Capstones: A Dangerous New Nuclear Age

Recent developments in seemingly every corner of the globe serve as a grim reminder that the nuclear nightmare didn’t end with the thawing of Cold War I: Russia has violated key arms-control treaties, moved nuclear weapons into Belarus and engaged in nuclear saber-rattling over Ukraine. China’s nuclear arsenal is worryingly opaque and rapidly growing. North Korea punctuates its apocalyptic nuclear rhetoric with reckless missile tests. And Iran continues its relentless march toward the no-longer-exclusive nuclear club.

Add it all up, and the heady days of nonproliferation and nuclear-arms reduction have given way to a dangerous new era marked by buildups, brinkmanship and breakouts. The following is a snapshot of Cold War II’s new nuclear age.

United States: 1,419 deployed strategic warheads, 5,244 total inventory (minus 184 warheads in the most recent tally)*
As the Pentagon details, the U.S. deploys an estimated 400 Minuteman III intercontinental ballistic missiles (ICBM) across Wyoming, Montana and North Dakota.[i] Fourteen Ohio-class nuclear-armed submarines—each carrying as many as 20 ballistic missiles with multiple warheads—comprise the second leg of America’s nuclear triad. And 46 B-52H bombers and 20 B-2 bombers represent the third leg of the deterrent triad.[ii] U.S. nuclear weapons are also prepositioned on the territory of fellow NATO members Germany, Italy, Netherlands, Belgium and Turkey.[iii] In addition, multiple sources report U.S. nuclear weapons are returning to Britain, after being withdrawn in 2008.[iv] Gen. Anthony Cotton, commander of U.S. Strategic Command, has called for “serious consideration” of replacing the current single-warhead system on land-based ICBMs with multiple-warhead systems.[v] Under a long-overdue modernization program, the U.S. is replacing the Minuteman IIIs with the Sentinel ICBM System, the Ohio-class submarines with Columbia-class submarines, and the B-2 bombers with B-21 bombers.[vi] Modernizing the U.S. nuclear enterprise will cost at least $247 billion.[vii]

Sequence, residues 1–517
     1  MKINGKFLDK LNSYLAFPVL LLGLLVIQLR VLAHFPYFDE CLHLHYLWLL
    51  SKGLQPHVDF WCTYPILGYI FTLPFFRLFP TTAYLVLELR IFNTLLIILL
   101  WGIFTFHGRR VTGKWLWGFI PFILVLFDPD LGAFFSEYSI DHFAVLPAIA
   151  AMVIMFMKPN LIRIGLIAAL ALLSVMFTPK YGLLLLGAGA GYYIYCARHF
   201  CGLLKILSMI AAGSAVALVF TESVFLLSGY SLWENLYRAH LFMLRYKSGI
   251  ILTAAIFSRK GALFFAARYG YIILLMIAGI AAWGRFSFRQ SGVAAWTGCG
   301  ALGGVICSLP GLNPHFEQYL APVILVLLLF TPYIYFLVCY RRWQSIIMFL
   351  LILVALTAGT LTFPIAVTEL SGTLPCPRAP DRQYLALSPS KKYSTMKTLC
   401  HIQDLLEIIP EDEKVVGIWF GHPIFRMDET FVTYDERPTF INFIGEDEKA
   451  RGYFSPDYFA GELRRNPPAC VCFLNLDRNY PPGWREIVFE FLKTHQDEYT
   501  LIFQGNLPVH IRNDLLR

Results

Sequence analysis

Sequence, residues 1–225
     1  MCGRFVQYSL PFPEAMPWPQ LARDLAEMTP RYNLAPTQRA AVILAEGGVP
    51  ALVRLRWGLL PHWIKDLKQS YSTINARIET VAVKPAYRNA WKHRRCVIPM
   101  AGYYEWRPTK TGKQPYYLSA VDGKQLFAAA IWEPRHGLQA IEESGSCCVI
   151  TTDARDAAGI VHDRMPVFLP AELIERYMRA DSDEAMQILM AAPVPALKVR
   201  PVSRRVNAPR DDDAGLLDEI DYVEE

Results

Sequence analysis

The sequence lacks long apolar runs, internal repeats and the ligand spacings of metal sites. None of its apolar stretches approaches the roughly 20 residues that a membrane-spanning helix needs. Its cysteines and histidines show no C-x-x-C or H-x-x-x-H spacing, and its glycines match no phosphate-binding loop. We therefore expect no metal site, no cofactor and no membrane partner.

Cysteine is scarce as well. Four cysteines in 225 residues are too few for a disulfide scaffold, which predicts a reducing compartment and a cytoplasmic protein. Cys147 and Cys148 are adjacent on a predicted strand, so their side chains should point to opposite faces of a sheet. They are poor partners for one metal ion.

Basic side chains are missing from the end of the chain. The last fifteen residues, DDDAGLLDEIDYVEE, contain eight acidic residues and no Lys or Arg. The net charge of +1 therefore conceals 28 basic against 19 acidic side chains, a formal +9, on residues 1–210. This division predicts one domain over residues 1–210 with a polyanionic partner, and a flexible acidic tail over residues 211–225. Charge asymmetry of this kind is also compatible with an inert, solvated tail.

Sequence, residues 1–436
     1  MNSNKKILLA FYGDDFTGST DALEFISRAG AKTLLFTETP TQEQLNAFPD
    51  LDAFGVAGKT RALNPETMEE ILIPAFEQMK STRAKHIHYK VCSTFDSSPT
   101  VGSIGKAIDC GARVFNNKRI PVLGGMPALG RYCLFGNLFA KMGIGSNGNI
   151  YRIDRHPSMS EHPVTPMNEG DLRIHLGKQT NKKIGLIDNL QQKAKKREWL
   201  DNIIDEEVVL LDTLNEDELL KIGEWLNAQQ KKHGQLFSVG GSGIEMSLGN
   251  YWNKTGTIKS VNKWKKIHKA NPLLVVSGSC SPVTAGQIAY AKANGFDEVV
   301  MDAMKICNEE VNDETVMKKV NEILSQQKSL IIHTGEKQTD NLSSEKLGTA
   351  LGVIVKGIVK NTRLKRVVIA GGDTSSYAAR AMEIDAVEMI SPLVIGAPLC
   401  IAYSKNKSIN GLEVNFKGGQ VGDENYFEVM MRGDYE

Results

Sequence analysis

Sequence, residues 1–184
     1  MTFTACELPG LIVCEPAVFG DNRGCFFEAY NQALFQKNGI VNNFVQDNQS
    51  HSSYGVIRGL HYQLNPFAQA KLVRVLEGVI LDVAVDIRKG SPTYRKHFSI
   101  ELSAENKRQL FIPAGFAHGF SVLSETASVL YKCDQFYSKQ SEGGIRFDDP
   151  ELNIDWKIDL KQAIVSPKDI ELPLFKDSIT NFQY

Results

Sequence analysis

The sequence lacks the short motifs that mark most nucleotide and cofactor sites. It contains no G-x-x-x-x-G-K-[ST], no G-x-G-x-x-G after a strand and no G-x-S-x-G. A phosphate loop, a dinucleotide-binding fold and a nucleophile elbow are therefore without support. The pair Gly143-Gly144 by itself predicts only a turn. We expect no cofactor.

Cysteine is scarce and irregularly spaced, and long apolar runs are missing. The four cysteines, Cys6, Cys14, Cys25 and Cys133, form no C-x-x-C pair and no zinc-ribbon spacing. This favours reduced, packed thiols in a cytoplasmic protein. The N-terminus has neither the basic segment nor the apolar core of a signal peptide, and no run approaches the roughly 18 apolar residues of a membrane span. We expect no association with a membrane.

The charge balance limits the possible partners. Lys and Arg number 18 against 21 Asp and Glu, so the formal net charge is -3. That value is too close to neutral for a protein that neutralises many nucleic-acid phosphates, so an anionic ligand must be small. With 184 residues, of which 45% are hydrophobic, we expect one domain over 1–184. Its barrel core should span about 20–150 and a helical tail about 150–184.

Russia: 1,549 deployed strategic warheads, 5,889 total inventory[viii] (minus 88 warheads in the most recent tally[ix])
Like the U.S., Russia deploys a nuclear triad consisting of an estimated 306 land-based ICBMs, 11 nuclear-armed submarines, and 68 Tu-160 and Tu-85MS long-range nuclear bombers.[x] Quite unlike the U.S., the Russian government recklessly rattles its nuclear saber often, most recently in relation to its war on Ukraine.[xi] In addition to his thinly veiled nuclear threats, Putin has adopted a doctrine declaring that nuclear weapons can be used to—somehow—deescalate conflict and recently planted nuclear weapons in Belarus.[xii] [xiii] It’s significant that Ukraine in 1994 surrendered its entire nuclear arsenal in exchange for Russia’s commitment—in an agreement signed by Russia, Ukraine, Britain and the U.S.—to “refrain from the threat or use of force” and respect Ukraine’s “existing borders.” The free world’s failure to back up those words after Putin’s 2014 lunge into eastern Ukraine crippled the cause of nuclear nonproliferation. Ukraine’s grim plight underscores the deterrent power of nuclear weapons—and the danger of not having them.